4. Two Different Actors as Prince Adam and He-Man


He-Man’s secret identity in both the original toy line and cartoon was a worse-hidden secret than Clark Kent’s “Superman, but with glasses” guise: the two literally looked exactly the same, save He-Man having a darker tan and less clothing. This wasn’t supposed to be the plan originally–a teen becoming a superhero was supposed to show the change. Filmation, however, needed to recycle and reuse in order to keep their cartoons made-in-the-USA and under budget, so they simply repurposed He-Man cels to make Adam. Years later, the 2002 cartoon would finally correct things back to the original intent.

Depending on the budget, you could use digital trickery to make the same actor play both roles, but why? It would turn the whole thing into a distracting effect. Casting a teen and an adult who look and act similarly enough may be difficult, but it’s certainly not impossible. Ask all the kids who’ve played “young Tom Hanks” over the years.

5. Done Right, It Can Be Bigger Than a Trilogy

There’s a lot to get to if you play out the story of He-Man with all the elements that have been added over the years. Fortunately for anyone looking to adapt, there is no one true canon. Every version has differed slightly, from the original mini-comics to the Filmation, Jetlag, and MYP cartoons. But there are enough commonalities, across enough versions that a larger arc for He-Man himself is easily plotted.

The first movie needs to be He-Man versus Skeletor, with the origins of both Adam finding the sword of power and Keldor becoming Skeletor. That much is considered canon at this point. You’d have a cameo by Hordak as Keldor’s mentor, setting him up as the big bad for movie two, which would be He-Man discovering his sister Adora/She-Ra, as told in more comedic fashion in the animated film The Secret of the Sword. For the third movie, you finish the story that the original Mattel toy line was beginning to tell when it was canceled: with the ancient Snake Men as Skeletor’s uneasy new allies, He-Man travels back in time to Preternia, where the Snake Men originate and cyborg dinosaurs roam the planet.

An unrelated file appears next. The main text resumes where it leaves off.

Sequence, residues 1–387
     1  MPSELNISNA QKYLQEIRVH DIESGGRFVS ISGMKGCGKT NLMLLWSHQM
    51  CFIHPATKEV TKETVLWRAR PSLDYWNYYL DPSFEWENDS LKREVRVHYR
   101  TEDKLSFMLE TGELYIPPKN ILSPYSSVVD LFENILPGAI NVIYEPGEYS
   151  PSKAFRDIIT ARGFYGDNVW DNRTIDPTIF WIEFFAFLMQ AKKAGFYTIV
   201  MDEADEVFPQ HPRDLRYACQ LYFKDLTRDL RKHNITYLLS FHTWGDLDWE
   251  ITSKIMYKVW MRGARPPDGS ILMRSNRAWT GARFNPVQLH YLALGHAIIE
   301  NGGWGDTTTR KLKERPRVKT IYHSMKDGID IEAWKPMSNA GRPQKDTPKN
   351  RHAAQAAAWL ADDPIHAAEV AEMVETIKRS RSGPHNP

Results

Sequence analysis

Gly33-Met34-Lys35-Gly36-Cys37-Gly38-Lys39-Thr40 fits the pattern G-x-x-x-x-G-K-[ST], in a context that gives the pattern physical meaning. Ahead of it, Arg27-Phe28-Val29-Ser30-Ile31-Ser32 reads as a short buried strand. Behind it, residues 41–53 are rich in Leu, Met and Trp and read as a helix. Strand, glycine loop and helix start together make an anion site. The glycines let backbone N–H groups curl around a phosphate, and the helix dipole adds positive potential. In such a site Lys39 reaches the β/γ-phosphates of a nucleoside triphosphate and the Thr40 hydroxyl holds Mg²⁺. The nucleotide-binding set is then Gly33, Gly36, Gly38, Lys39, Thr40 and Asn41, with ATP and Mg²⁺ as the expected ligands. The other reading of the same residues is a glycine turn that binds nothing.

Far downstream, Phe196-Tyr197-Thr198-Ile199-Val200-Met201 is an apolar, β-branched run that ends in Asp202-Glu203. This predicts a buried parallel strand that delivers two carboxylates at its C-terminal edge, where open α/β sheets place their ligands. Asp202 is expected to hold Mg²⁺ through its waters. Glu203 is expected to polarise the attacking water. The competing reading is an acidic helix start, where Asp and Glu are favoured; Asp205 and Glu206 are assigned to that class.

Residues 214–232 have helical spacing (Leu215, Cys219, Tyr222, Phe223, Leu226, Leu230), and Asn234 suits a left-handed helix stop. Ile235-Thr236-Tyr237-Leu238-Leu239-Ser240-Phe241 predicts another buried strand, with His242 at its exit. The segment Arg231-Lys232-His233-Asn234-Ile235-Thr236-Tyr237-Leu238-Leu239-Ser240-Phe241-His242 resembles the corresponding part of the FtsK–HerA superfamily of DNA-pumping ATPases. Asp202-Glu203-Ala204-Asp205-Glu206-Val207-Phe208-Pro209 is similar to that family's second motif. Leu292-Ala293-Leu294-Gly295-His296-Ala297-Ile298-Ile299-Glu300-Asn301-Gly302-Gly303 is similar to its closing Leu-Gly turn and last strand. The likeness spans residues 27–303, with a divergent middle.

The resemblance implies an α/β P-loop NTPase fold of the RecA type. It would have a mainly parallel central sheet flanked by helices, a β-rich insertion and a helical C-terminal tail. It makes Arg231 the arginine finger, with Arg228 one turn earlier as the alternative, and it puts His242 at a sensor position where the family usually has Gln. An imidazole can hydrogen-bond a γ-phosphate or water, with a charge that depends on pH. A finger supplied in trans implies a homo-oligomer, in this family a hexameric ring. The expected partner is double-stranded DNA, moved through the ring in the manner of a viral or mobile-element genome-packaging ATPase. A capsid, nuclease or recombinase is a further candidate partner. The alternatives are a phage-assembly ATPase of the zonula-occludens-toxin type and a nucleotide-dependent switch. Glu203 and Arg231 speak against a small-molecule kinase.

Movie four could be a take on the New Adventures cartoon and toys, as Skeletor leaves Eternia to conquer outer space, pursued by Adam who is now permanently He-Man. While purists back in the day found that arc out of character, the more recent Classics toy canon made it more palatable by adding She-Ra and tying Space Mutant leader Flogg to Hordak, as part of the Horde Empire among the stars. The final movie would be a slightly lighter Dark Knight Returns for the now-King He-Man (Yes, King He-Man, not King Adam…just trust me on this one) in his final battle. If a possible hook is needed for even more adventures, this can also introduce the second-generation hero and villain Dare, a.k.a. He-Man Junior, and Skeleteen, son of Keldor and Evil-Lyn.

What would make a Masters of the Universe movie work for you? You have the power…to tell us in comments.

Images: Mattel/Filmation/Mike Young Productions/Cannon Films